More On Mazzei: Ancestry.Com Message Board Thread on Mazzei and De Rieux

 cover small 2This series will focus on material I found while researching my book, America’s Forgotten Founding Father: A Novel Based on the Life of Filippo Mazzei.

These next few items come from the Bibliography I submitted when proposing the original book. — Rosanne.


More On Mazzei: Ancestry.Com Message Board Thread on Mazzei and De Rieux

More On Mazzei: Ancestry.Com Message Board Thread on Mazzei and De Rieux

Notes on the background of Justin Peter Plumard de Rieux and Maria Margherita Martini de Rieux

Philip Mazzei [A physician, born in 1730 near Florence practiced surgery briefly, then moved to Leghorn in 1752] “rented a large house in London [in 1764]. It was his plan to use the ground floor as a shop, to live on the second floor, to rent out the third floor furnished, and the fourth unfurnished . . . . He opened his shop selling champagne, burgundy, oil from Lucca, cheese, shoots of lemon trees, candied fruits, and silks from Florence . . . . He determined never to be seen in his shop, and adopted the name “Martini and Company,” under which he did business.

“Before he could rent out the upper floors of his four-story house, Mazzei had to have the rooms re-papered. A young man named Joseph Martin [or Martini; he was from Savoy] was sent by the wall paper manufacturer to take charge of the job. After he had finished, he asked if he might rent the top floor. It was agreed, and he, his wife [Maria Hautefeuille “Petronille” Martin(i) was born into an established family in Calais. Being very willful in her youth, she ran away from home and went to London where she adopted the name “Petronille” and married Joseph Martin] and small daughter [Maria Margherita Martin(i) was born in 1761] moved in.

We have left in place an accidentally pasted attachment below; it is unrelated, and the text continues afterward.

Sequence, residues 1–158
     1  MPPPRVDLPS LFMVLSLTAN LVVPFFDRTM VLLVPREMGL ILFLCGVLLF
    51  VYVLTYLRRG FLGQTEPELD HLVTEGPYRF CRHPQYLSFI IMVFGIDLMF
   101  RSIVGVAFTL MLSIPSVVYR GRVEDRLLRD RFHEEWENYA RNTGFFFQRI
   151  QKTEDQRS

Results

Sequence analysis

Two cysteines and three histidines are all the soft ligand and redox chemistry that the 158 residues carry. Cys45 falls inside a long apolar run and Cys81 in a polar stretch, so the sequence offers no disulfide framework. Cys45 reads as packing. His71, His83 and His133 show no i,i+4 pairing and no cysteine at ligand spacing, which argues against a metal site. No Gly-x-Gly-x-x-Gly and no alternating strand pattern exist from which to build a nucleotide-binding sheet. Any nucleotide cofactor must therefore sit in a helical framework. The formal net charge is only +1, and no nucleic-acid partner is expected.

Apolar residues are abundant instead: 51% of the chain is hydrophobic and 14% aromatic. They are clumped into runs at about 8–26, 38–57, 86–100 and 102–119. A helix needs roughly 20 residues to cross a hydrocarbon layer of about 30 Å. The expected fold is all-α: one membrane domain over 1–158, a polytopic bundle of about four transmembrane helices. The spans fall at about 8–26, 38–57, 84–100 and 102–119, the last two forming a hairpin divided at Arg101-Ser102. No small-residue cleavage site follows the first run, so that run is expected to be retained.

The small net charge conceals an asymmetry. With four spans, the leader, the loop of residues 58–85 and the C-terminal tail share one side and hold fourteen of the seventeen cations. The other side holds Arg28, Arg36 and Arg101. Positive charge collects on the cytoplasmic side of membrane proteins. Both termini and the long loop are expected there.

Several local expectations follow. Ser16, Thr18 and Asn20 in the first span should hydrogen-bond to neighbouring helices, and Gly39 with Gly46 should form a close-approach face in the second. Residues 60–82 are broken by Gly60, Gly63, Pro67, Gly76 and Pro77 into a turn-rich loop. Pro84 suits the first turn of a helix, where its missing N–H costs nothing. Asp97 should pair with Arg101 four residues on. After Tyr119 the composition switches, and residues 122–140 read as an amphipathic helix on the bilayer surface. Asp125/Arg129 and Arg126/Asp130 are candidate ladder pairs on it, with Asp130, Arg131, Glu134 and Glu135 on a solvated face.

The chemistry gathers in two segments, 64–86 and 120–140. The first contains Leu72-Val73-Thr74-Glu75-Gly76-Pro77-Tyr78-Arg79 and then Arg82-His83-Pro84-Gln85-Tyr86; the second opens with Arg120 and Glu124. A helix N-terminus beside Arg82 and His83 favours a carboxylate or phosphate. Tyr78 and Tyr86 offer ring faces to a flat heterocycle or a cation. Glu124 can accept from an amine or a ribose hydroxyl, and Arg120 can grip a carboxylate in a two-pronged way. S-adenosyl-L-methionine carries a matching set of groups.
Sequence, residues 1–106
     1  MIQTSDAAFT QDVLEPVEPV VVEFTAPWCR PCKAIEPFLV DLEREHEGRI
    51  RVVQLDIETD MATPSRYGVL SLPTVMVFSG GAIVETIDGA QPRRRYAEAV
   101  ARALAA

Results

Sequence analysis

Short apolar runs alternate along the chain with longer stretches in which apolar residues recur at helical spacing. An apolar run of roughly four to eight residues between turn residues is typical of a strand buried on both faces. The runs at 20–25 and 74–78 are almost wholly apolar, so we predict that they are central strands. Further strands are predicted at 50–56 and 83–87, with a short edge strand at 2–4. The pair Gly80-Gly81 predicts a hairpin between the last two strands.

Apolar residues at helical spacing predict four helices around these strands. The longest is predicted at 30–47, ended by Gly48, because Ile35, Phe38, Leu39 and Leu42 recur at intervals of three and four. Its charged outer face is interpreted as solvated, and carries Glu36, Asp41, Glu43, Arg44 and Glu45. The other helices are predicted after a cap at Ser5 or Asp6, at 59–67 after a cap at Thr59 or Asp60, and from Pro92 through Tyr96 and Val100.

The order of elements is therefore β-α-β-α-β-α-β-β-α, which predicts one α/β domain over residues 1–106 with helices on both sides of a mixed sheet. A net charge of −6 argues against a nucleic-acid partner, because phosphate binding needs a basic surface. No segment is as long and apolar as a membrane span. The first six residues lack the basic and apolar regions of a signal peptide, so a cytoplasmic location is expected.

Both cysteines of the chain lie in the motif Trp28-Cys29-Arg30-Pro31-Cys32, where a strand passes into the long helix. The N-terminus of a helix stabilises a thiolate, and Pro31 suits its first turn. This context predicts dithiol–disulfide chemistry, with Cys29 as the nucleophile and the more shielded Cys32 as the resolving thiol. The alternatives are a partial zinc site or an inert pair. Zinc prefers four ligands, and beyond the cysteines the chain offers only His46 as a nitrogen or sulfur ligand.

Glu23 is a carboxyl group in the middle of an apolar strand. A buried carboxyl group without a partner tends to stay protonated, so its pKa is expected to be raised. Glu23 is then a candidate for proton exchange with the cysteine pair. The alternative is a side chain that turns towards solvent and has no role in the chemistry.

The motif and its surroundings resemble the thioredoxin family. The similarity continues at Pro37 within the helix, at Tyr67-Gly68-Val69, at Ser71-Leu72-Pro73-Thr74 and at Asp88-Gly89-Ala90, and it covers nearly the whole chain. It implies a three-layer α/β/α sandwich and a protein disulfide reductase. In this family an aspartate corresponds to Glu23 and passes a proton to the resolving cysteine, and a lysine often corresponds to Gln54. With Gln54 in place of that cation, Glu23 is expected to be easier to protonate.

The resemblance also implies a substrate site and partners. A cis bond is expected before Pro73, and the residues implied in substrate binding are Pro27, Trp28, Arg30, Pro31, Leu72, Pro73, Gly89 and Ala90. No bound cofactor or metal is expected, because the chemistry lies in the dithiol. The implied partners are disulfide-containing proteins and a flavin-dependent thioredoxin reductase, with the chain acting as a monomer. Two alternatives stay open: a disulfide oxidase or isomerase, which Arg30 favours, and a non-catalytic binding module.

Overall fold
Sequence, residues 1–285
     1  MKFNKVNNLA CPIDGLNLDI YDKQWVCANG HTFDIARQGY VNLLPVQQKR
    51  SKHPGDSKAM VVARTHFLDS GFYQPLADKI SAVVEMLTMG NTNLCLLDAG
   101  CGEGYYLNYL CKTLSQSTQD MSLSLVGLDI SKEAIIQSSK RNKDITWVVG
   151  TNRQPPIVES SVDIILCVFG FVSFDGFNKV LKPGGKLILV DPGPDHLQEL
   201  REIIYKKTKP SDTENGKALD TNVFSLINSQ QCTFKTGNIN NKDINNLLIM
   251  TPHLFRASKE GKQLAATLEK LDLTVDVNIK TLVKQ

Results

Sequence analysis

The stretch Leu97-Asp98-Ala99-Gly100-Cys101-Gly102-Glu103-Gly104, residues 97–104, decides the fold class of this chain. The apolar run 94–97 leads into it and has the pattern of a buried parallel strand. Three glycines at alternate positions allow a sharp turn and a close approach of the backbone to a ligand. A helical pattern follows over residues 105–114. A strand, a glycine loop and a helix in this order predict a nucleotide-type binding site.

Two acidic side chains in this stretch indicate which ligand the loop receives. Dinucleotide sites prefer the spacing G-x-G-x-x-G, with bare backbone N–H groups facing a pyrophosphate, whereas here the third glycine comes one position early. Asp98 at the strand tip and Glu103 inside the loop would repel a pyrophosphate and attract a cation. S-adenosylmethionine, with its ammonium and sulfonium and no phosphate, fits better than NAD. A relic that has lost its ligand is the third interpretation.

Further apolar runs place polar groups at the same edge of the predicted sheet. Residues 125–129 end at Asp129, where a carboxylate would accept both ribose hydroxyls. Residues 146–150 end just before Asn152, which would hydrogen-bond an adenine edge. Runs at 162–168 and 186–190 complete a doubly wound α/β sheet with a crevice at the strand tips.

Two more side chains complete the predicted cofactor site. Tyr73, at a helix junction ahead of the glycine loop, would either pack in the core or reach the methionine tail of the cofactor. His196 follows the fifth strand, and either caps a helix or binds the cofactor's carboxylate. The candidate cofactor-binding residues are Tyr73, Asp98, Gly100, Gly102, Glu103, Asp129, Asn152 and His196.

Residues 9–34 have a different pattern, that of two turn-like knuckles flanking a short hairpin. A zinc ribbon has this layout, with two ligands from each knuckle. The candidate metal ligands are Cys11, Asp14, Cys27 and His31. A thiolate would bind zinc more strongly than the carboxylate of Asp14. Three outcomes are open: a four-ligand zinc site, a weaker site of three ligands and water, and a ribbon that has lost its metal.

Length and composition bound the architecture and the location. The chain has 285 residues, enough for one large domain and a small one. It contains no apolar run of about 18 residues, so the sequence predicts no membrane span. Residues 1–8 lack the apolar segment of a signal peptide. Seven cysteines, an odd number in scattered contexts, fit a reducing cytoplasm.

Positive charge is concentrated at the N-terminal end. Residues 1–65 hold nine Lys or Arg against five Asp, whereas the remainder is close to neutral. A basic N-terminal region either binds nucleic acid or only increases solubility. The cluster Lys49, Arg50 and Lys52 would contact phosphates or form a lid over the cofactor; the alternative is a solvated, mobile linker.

“Soon after the Martin family moved in Mrs. Martin gave birth to a son . . . . At the age of about ten months this baby died, and poor Martin, overcome with grief, died shortly after, towards the end of the year 1764. During the year of their acquaintance Mazzei had become intensely fond of the Martin family, and Martin had begun to look upon Mazzei as his dearest friend. On his deathbed he besought Mazzei to look after and care for his widow and his little daughter. This, . . . Mazzei promised to do.” (Richard C. Garlick, Jr., Philip Mazzei, Friend of Jefferson: His Life and Letters, 1933, pp.23-24)


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